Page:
Dietary Supplement Use and Folate Status during Pregnancy in the United States
ABSTRACT Adequate folate and iron intake during pregnancy is critical for maternal and fetal health. No previous studies to our knowledge have reported dietary supplement use and folate status among pregnant women sampled in NHANES, a nationally representative, cross-sectional survey. We analyzed data on 1296 pregnant women who participated in NHANES from 1999 to 2006 to characterize overall supplement use, iron and folic acid use, and RBC folate status. The majority of pregnant women (77%) reported use of a supplement in the previous 30 d, most frequently a multivitamin/-mineral containing folic acid (mean 817 μg/d) and iron (48 mg/d). Approximately 55-60% of women in their first trimester reported taking a folic acid- or iron-containing supplement compared with 76-78% in their second trimester and 89% in their third trimester. RBC folate was lowest in the first trimester and differed by supplement use across all trimesters. Median RBC folate was 1628 nmol/L among users and 1041 nmol/L among nonusers. Among all pregnant women, median RBC folate increased with trimester (1256 nmol/L in the first, 1527 nmol/L in the second, and 1773 nmol/L in the third). Given the role of folic acid in the prevention of neural tube defects, it is notable that supplement use and median RBC folate was lowest in the first trimester of pregnancy, with 55% of women taking a supplement containing folic acid. Future research is needed to determine the reasons for low compliance with supplement recommendations, particularly folic acid, in early pregnancy.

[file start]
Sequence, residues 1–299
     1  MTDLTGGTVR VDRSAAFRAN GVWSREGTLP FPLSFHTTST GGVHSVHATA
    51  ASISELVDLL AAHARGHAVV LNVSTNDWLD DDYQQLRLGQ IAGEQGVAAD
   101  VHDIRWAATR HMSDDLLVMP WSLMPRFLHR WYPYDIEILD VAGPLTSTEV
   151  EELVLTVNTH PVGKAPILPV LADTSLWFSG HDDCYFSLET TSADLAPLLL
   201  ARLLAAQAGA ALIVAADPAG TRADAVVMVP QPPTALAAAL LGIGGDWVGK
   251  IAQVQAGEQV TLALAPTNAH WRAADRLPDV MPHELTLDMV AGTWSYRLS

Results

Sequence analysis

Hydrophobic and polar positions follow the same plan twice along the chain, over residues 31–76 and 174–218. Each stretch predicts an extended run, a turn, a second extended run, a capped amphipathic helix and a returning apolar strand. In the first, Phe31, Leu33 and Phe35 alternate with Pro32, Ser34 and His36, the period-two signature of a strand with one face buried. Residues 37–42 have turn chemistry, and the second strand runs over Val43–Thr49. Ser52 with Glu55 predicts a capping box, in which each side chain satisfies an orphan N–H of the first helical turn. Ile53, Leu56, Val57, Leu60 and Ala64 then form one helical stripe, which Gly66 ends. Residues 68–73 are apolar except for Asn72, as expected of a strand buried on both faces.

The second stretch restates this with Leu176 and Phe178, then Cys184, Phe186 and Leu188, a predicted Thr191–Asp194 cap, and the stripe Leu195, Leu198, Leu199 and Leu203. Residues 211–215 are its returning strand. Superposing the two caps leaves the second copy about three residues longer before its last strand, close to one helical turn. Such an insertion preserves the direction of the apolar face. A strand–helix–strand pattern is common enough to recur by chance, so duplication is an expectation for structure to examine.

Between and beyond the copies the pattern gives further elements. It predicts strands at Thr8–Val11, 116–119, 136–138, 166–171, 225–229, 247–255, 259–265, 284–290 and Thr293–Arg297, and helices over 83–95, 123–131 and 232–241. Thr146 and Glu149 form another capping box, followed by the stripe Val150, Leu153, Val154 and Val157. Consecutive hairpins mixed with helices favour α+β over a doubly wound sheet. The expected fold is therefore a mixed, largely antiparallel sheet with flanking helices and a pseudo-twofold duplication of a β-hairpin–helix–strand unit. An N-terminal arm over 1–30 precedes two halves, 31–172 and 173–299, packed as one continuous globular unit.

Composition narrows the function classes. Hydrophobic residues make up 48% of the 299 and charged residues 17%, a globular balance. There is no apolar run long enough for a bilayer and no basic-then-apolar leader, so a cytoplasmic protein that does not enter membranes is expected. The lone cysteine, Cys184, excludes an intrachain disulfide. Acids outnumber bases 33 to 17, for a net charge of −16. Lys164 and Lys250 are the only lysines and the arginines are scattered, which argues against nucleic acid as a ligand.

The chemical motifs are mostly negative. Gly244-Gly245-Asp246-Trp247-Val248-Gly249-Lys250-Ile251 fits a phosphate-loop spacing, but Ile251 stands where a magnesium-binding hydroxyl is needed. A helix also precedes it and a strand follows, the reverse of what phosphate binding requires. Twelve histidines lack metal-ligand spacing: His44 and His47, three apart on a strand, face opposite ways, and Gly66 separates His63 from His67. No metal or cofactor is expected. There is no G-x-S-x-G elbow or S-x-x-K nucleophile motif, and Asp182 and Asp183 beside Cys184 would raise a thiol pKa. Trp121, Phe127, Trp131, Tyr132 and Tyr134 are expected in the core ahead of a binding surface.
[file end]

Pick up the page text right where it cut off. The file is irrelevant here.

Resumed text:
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ABSTRACT: The aims of this study were to investigate the implementation of guidelines on periconceptional folic acid supplementation among pregnant women with epilepsy (WWE) in China and to identify its potential correlations with selected sociodemographic and clinical factors. A detailed investigation was conducted in China using a structured questionnaire from December 2013 to May 2014. Data on the awareness and use of folic acid supplementation, as well as sociodemographic and clinical characteristics, were collected from 153 pregnant WWE. Descriptive analysis, followed by univariate and multivariate logistic regression analyses, was applied to the data from this survey. Among the enrolled subjects, 67.3% became pregnant after the promulgation of the relevant guidelines. Only 26.2% of them knew the exact effects of folic acid, and 73.8% had taken folic acid at some point during periconception. In addition, the folic acid intake of most of these women (67.1%) did not exceed that of the average pregnant woman. The prevalence of folic acid supplementation for pregnant WWE three months before pregnancy was only 15.5%. There has been almost no improvement in the level of additional awareness and use of folic acid supplementation for WWE since the relevant guidelines were established in China. Pregnant WWE with higher education levels, those with a planned pregnancy, or those who live in urban areas were more likely to know about and implement folic acid supplementation during periconception. Moreover, pregnant WWE with a planned pregnancy or those living in cities seemed to have a higher folic acid intake and started folic acid supplementation earlier before conception. The extent of awareness and use of folic acid supplementation in pregnant WWE remains low in China. More efforts are needed to promote periconceptional folic acid supplementation for WWE, especially those with low education levels and those who live in rural areas. Planned pregnancy should be encouraged for WWE. Copyright © 2014. Published by Elsevier Inc.Epilepsy & Behavior 01/2015; 44C:27-34. DOI:10.1016/j.yebeh.2014.12.026 · 2.06 Impact Factor